When Yves Moussallam trekked around Vanuatu’s Ambrym volcano in the winter of 2018, the ground was blanketed in green, and five incandescent lakes of molten rock burbled in the volcano’s caldera. Just two weeks later, though, he found himself in a landscape devoid of color. Gray ash coated each rock and crevice, and the lakes sat empty, their lava vanished like water swirled down a drain.
“It looked like everything was in black-and-white,” says Moussallam, a volcanologist at Columbia University who is also associated with France’s Laboratoire Magmas et Volcans. “The whole caldera area had completely changed.”
This transformation came in the wake of an extraordinary eruption that surprised scientists with its progression. While some of the lava spurted up from nearby cracks, the vast majority moved underground—a slug of magma big enough to fill 160,000 Olympic swimming pools. As the team reports in Scientific Reports, the process cracked the earth, sending coasts soaring into the air, and brought lava burbling up onto the ocean floor.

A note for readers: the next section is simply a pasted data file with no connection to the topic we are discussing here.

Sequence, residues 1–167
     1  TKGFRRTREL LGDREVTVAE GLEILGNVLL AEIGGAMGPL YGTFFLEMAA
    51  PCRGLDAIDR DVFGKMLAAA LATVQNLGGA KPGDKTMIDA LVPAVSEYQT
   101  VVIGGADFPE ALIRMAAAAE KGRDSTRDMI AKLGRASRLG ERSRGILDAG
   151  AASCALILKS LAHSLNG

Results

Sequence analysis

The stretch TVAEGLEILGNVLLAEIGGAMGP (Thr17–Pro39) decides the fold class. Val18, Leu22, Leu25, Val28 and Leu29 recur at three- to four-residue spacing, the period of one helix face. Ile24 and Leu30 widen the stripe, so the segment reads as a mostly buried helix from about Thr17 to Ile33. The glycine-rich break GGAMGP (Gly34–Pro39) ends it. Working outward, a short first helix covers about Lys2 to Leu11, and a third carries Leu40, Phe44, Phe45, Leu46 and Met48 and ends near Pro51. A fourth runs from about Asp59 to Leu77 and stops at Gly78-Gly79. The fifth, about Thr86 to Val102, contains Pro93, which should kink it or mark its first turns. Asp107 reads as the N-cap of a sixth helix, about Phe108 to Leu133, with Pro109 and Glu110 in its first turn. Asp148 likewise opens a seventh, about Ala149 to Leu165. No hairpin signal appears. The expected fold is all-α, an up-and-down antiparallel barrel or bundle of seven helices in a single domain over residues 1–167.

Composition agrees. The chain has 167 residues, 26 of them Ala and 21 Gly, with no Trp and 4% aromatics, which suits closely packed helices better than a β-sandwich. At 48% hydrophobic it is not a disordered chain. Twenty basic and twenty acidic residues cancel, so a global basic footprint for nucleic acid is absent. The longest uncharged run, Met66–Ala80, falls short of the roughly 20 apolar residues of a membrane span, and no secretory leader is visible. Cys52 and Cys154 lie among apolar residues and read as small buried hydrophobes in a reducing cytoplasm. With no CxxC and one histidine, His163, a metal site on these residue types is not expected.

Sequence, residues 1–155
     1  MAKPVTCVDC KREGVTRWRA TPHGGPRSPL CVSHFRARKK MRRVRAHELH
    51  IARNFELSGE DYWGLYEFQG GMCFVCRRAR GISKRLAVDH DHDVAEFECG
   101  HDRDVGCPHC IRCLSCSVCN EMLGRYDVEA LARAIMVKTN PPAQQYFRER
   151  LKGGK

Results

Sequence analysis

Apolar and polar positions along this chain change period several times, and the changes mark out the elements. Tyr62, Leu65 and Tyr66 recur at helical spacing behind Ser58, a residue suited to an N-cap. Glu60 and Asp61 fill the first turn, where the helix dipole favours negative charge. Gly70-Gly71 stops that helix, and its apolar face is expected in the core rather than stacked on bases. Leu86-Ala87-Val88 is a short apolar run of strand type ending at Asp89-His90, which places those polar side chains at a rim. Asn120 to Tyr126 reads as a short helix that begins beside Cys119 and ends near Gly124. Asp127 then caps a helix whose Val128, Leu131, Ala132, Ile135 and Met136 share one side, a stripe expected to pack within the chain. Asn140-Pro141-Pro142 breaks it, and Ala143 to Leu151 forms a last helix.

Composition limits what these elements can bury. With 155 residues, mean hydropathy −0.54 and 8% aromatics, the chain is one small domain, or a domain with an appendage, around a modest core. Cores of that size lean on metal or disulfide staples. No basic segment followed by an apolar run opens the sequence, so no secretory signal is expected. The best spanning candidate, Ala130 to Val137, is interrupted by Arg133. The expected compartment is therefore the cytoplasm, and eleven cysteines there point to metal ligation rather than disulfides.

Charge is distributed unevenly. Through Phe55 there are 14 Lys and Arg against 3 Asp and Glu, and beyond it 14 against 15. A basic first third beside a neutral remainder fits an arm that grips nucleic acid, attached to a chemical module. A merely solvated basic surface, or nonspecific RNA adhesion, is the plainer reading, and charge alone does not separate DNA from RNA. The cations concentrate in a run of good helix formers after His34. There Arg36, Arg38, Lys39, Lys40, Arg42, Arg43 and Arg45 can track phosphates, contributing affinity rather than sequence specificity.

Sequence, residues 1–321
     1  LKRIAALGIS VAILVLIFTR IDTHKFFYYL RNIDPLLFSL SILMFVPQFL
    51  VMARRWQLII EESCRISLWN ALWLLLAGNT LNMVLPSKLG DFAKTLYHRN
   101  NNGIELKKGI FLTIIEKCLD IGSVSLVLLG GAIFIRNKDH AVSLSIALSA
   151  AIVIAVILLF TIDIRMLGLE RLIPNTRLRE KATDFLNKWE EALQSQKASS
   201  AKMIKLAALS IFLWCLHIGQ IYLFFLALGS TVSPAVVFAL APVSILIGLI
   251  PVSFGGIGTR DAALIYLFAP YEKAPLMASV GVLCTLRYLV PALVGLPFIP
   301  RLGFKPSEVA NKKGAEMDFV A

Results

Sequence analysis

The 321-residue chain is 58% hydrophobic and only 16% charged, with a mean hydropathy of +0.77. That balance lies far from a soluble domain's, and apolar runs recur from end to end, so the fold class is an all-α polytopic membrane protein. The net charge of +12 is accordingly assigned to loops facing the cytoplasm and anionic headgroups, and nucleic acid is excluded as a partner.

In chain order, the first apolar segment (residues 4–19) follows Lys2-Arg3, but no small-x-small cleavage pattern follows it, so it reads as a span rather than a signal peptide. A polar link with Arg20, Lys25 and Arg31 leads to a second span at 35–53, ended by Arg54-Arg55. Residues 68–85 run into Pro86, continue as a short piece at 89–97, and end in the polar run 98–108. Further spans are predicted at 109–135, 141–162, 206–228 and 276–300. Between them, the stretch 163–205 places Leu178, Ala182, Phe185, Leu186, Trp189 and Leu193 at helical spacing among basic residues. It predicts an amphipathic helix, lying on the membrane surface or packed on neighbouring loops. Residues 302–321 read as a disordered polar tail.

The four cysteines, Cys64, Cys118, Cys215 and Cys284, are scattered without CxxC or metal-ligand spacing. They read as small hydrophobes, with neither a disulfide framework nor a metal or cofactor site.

“It’s kind of a negative eruption, in a way,” says volcanologist Clive Oppenheimer of the University of Cambridge, who was not on the study team. “It’s not stuff coming out of the ground, it’s the magma migrating beneath the ground.”
The new study, conducted in collaboration with the Vanuatu Meteorology and Geohazards Department, provides a rare and detailed portrait of Ambrym’s activity above and below, which can help geologists unravel the myriad processes that contribute to volcanic activity.
“As volcanologists, we’re always trying to...